By Anna Maguire |

I have a guilty habit. As I click through my social media cycle and vow to stop scrolling and start writing/reading/getting a life, there’s something that I always return to: property sites. Not just because I am a millennial with no hope of buying a home, but because I am now on the academic job market as well. And as I motivate myself to persevere with applications selling my research and myself, imagining my life in a new home at a new university or city, can offer an additional incentive.

‘Look, how cheap flats are to rent there!’ I think, as I imagine the disposable income I might have or envision cycling into a leafy campus from a ‘well appointed maisonette’, rather than being cramped on the tube at rush hour. I find myself admiring feature fireplaces, built-in bookshelves or that study space I covet with all my heart. I wonder whether it would be possible to commute for that fixed-term fellowship for a year and if not, how much will it cost me to rent a room in a new city?

This sort of procrastination was fairly harmless when I was writing up my thesis, as I imagined the life not yet lived. It was a way of relieving some of my stress about finishing and what came next. But now I am actively looking for a new post and spending a fair amount of time drafting cover letters and reading job packs, this sort of wishful thinking – matching the jobs available to the life I might live alongside them – is much more dangerous.

I am no longer thinking about jobs and lives as a way of escaping the limbo-like position of ‘not a PhD, not yet an ECA’ (to misquote Britney Spears). These are potential and real possibilities that require me to think about whether to renew the contract on my current flat, start saving for the costs of moving or indeed if I can pay the rent in the interim. The precariousness of the job market is combined with that of the rental market, and the possibility of security in both is tantalising. But these possibilities can become too ‘real’, too soon.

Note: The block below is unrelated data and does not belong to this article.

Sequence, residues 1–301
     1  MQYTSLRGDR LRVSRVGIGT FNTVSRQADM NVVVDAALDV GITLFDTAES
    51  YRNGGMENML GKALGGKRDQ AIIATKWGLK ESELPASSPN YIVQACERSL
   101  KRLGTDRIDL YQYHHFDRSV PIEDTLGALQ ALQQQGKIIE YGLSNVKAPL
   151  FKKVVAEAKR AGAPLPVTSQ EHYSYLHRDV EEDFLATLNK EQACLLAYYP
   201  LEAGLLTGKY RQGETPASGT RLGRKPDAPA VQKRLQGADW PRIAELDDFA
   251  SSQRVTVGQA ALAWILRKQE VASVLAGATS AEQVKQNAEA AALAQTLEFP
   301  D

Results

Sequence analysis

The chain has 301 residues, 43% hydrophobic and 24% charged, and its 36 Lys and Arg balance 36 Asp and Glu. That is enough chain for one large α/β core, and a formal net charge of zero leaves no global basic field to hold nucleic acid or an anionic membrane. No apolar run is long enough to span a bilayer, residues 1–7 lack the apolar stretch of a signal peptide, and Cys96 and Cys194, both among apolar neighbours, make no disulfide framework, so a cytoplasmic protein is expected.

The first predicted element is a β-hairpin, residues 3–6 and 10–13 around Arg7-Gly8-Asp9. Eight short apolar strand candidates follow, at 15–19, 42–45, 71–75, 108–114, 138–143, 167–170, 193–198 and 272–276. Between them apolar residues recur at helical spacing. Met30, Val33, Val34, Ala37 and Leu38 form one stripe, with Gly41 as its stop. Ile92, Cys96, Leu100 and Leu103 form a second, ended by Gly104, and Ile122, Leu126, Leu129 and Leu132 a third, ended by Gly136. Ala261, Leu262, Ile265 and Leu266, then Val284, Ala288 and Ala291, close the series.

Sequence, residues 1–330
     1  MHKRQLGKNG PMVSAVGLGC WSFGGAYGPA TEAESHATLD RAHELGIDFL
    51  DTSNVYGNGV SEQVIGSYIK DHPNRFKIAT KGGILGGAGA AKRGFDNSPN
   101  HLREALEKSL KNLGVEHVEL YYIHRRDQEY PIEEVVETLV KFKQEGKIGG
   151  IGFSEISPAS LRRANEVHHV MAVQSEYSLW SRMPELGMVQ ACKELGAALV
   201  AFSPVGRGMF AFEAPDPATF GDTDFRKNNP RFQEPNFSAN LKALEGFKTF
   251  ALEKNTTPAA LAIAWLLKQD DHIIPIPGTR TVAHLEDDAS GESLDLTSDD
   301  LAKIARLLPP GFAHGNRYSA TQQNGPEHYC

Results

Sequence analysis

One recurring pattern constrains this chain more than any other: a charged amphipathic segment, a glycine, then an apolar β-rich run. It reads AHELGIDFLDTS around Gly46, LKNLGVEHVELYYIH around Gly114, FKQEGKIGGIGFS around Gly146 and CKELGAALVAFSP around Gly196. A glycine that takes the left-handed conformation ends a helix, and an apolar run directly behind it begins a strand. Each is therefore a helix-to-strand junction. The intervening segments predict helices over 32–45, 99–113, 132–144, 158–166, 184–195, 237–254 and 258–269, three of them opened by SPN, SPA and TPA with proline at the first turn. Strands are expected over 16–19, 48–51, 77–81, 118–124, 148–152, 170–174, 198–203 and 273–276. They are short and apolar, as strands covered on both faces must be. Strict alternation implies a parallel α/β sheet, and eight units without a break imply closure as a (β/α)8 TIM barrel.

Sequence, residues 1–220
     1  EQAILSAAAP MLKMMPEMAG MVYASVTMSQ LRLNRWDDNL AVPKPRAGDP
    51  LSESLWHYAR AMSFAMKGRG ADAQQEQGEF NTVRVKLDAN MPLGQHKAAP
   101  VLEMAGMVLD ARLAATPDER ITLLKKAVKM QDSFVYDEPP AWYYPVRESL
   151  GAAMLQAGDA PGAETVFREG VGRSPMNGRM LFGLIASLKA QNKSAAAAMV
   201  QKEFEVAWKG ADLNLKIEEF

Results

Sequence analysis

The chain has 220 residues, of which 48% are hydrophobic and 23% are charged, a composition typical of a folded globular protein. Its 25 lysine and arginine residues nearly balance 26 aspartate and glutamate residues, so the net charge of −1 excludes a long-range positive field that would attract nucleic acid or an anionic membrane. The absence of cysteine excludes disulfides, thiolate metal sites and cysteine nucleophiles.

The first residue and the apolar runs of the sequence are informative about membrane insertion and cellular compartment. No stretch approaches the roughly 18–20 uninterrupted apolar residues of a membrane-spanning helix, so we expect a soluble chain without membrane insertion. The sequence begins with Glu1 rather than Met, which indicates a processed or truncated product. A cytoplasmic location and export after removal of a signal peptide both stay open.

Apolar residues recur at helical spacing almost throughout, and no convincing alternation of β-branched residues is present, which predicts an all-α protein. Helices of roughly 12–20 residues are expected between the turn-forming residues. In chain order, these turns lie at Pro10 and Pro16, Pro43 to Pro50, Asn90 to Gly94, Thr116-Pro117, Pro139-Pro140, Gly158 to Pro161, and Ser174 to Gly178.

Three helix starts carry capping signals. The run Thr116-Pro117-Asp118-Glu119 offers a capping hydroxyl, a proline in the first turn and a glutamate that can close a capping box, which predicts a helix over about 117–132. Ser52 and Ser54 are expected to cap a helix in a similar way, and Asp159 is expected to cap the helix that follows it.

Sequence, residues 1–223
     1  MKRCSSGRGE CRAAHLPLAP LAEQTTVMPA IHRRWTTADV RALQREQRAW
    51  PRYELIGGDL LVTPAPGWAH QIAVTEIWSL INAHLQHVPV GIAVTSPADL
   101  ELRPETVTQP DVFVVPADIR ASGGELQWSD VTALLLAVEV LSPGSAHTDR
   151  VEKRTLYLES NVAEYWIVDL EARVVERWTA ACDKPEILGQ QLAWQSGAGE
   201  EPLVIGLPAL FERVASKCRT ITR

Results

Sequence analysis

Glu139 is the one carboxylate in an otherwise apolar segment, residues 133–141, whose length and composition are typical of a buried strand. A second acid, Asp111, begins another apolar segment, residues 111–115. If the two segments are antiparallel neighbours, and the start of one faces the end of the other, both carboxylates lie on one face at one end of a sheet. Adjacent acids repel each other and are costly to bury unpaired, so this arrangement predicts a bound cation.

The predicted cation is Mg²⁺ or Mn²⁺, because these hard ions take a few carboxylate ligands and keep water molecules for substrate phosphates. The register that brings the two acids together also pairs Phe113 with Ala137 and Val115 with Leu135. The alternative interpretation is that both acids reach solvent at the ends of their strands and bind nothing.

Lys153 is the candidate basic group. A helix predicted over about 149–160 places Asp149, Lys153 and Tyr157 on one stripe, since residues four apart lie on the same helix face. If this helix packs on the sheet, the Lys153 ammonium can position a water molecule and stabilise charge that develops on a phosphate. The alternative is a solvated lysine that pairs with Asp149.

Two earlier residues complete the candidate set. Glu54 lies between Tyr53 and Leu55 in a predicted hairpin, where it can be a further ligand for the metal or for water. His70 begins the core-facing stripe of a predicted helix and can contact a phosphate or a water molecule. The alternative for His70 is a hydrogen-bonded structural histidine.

While it is important to get a sense not only of a department and university, but also to think about what the area is like when you’re applying for a job, investing yourself too heavily in one position can set you up for some hefty disappointment. A generic HR rejection email zooming into your inbox can shatter your illusions in a moment. That active imagination that adds so much to your research – your ability to create a sense of scene or place, to draw out complexity in your analysis, to add creative flair to your writing – can exacerbate your disappointment. Because this was not just a job for which someone else was a better fit or an incredibly oversubscribed research post from which you can try and separate from yourself. Instead, it feels (even more) personal.

Having learnt these lessons the hard way, I will proceed with more caution when thinking about the lives that accompany jobs as I apply for them, at least at the initial stages. While fully considering what a job entails in terms of how it could change your life, for the good or the bad, is important, but so is self-preservation. We invest so much of ourselves in the work we do – whether that’s teaching or research – that if we can control some of the emotional energy required for job applications, we should.


Anna Maguire has recently completed her PhD on Colonial Encounters during the First World War at King’s College London and Imperial War Museums. She is currently a researcher and tutor at both King’s and IWM. She is Contributions Editor for Pubs and Publications. You can also find her on Twitter